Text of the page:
Treiman, Donald J., Yao Lu, and Yaqiang Qi. 2012. “New Approaches to Demographic Data Collection.” Chinese Sociological Review 44(3):56-92.
Lu, Yao. 2012. “Education of Children Left Behind in Rural China.” Journal of Marriage and Family 74(2):328-341.
Lu, Yao, Peifeng Hu, and Donald J. Treiman. 2012. “Migration and Depressive Symptoms in Migrant-Sending Areas: Findings from The Survey of Internal Migration and Health in China.” International Journal of Public Health 57(4):691-698.
Lu, Yao. 2012. “Household Migration, Social Support, and Psychosocial Health: The Perspective from Migrant-Sending Areas.” Social Science and Medicine74:135-142.
Lu, Yao and Donald J. Treiman. 2011. “Migration, Remittances, and Educational Stratification among Blacks in Apartheid and Post-Apartheid South Africa.” Social Forces 89(4):1119-1144.
Lu, Yao. 2010. “Mental Health and Risk Behaviors of Rural-Urban Migrants: Longitudinal Evidence from Indonesia.” Population Studies 64(2):147-163.
Lu, Yao. 2010. “Rural-urban Migration and Health: Evidence from Longitudinal Data in Indonesia.” Social Science and Medicine 70(3): 412-419.
McCarthy, William, Ritesh Mistry, Yao Lu, Minal Patel, and Hong Zheng, and Barbara Dietsch. 2009. “Could Density of Geocoded Tobacco Retailers near Schools Influence Risk of Students Smoking?” American Journal of Public Health 99(11):2006-2013.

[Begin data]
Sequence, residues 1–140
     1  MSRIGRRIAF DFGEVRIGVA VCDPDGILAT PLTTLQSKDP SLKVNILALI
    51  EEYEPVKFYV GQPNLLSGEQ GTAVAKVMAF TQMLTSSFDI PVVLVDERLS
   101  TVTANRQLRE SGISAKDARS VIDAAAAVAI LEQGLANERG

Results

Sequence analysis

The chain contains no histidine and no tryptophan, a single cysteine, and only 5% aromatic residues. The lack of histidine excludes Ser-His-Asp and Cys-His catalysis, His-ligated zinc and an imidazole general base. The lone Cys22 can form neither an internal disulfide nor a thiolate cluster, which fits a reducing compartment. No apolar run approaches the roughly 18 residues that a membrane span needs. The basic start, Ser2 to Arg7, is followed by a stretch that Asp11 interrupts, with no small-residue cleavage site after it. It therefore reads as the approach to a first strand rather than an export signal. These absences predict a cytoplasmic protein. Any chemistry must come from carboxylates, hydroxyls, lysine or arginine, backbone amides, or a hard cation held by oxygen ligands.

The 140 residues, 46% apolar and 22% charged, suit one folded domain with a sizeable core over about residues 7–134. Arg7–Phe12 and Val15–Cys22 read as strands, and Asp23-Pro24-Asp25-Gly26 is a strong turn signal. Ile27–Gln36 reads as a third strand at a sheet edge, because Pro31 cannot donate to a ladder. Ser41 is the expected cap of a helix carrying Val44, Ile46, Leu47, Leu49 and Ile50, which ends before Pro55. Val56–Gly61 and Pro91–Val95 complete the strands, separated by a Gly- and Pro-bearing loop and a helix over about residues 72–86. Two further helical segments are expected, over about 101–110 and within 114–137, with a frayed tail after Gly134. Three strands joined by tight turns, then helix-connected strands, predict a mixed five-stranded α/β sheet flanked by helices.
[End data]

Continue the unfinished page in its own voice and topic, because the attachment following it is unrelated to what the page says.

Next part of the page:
Lu, Yao. 2009. “Sibship Size, Family Organization, and Education in South Africa: Black-White Variations.” Research in Social Stratification and Mobility 27(2):110-125.
Mistry, Ritesh, William McCarthy, Antronette Yancey, Yao Lu, and Minal Patel. 2009. “Resilience and Patterns of Health Risk Behaviors in California Adolescents.” Preventive Medicine 48(3):291-297.
Li, Li, Zunyou Wu, Sheng Wu, Manhong Jia, Eli Lieber, and Yao Lu. 2008. “Impacts of HIV/AIDS Stigma on Family Identity and Interactions in China.” Families, Systems and Health 26(4):431-442.
Lu, Yao and Donald J. Treiman. 2008. “The Effect of Family Size on Educational Attainment in China: Period Variations.” American Sociological Review 73(5):813-834.
Lu, Yao. 2008. “Test of the ‘Healthy Migrant Hypothesis’: A Longitudinal Analysis of Health Selectivity of Internal Migration in Indonesia.” Social Science and Medicine 67(8):1331-1339.
Lu, Yao. 2007. “Educational Status of Temporary Migrant Children in China: Determinants and Regional Variations.” Asian and Pacific Migration Journal 16(1):29-55.
Grusky, Oscar, Hongjie Liu, Xiaojing Li, Aimee-Noelle Swanson, Naihua Duan, Yibin Zhu, Erjian Ma, and Yao Lu. 2006. “Is Voluntary Counseling and Testing of Drug Users in China Feasible?” International Journal of STD and AIDS 17(5):354-355.
Treiman, Donald J., William M. Mason, Yao Lu, Yi Pan, Yaqiang Qi, and Shige Song. 2006. “Observations on the Design and Implementation of Sample Surveys in China.” Social Transformations in Chinese Societies 1(1):81-101.
V3212 Statistics for Social Research
V3243 China Today: Change, Inequalities, and Social Life
G4074/4076 Introductory Social Data Analysis I
G4075/4077 Introductory Social Data Analysis II
G4270 Social Demography